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research-article

Reduced Order Modeling of Transient Heat Transfer in Microchip Interconnects

[+] Author and Article Information
Arman Nokhosteen

Department of Mechanical Engineering, K.N. Toosi University of Technology, Tehran, Iran
armannokhosteen@gmail.com

Madjid Soltani

Department of Mechanical Engineering, K.N. Toosi University of Technology, Tehran, Iran; Department of Earth & Environmental Sciences, University of Waterloo, Waterloo, Ontario, Canada; Waterloo Institute for sustainable energy (WISE), University of Waterloo, Waterloo, Ontario, Canada; HVAC&R Management Research Center, Niroo Research Institute, Tehran, Iran
msoltani@uwaterloo.ca

Banafsheh Barabadi

Mechanical Engineering Department, Massachusetts Institute of Technology, Cambridge, USA
bana@mit.edu

1Corresponding author.

ASME doi:10.1115/1.4041666 History: Received April 14, 2018; Revised October 02, 2018

Abstract

The high current densities in today's microelectronic devices and microchips lead to hotspot formations and other adverse effects on their performance. Therefore, a computational tool is needed to not only analyze, but also accurately predict spatial and temporal temperature distribution while minimizing the computational effort within the chip architecture. In this study, a POD-Galerkin projection based reduced order model (ROM) was developed for modeling transient heat transfer in 3D microchip interconnects. COMSOL software was used for producing the required data for ROM and for verifying the results. The developed technique has the ability to provide accurate results for various boundary conditions on the chip and interconnects domain and is capable of providing accurate results for nonlinear conditions where thermal conductivity is temperature dependent. It is demonstrated in this work that a limited number of observations are sufficient for mapping out the entire evolution of temperature field within the domain for transient boundary. Furthermore, the accuracy of the results obtained from the developed ROM and the stability of accuracy over time is investigated. Finally, it is shown that the developed technique provides a 60-fold reduction in simulation time compared to finite element techniques.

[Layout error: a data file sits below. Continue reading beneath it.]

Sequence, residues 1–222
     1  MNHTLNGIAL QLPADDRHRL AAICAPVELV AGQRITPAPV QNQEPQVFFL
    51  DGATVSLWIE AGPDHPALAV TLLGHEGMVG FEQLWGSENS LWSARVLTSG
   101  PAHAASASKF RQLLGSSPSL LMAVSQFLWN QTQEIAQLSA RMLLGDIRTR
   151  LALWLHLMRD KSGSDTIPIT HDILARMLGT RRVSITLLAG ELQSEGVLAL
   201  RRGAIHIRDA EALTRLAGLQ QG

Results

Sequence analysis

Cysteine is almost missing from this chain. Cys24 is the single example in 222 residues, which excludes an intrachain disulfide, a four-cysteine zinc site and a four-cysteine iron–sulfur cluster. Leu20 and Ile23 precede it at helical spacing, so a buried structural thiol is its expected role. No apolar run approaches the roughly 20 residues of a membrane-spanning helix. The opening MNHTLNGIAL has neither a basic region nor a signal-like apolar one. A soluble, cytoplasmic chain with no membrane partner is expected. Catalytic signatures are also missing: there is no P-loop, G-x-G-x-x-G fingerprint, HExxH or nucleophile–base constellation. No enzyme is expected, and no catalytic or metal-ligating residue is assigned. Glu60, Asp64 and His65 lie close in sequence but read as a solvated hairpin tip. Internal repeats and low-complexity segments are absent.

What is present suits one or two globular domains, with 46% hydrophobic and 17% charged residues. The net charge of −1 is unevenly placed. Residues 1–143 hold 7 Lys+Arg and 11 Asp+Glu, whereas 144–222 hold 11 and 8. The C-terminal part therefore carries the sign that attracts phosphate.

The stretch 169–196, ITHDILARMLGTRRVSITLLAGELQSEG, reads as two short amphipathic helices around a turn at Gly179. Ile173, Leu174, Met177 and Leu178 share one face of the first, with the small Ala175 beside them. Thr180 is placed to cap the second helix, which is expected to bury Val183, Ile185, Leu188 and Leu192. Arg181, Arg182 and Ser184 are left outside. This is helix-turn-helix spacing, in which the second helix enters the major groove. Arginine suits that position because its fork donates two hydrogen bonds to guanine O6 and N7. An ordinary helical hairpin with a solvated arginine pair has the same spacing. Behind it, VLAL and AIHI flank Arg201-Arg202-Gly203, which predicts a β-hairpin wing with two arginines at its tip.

Copyright (c) 2018 by ASME
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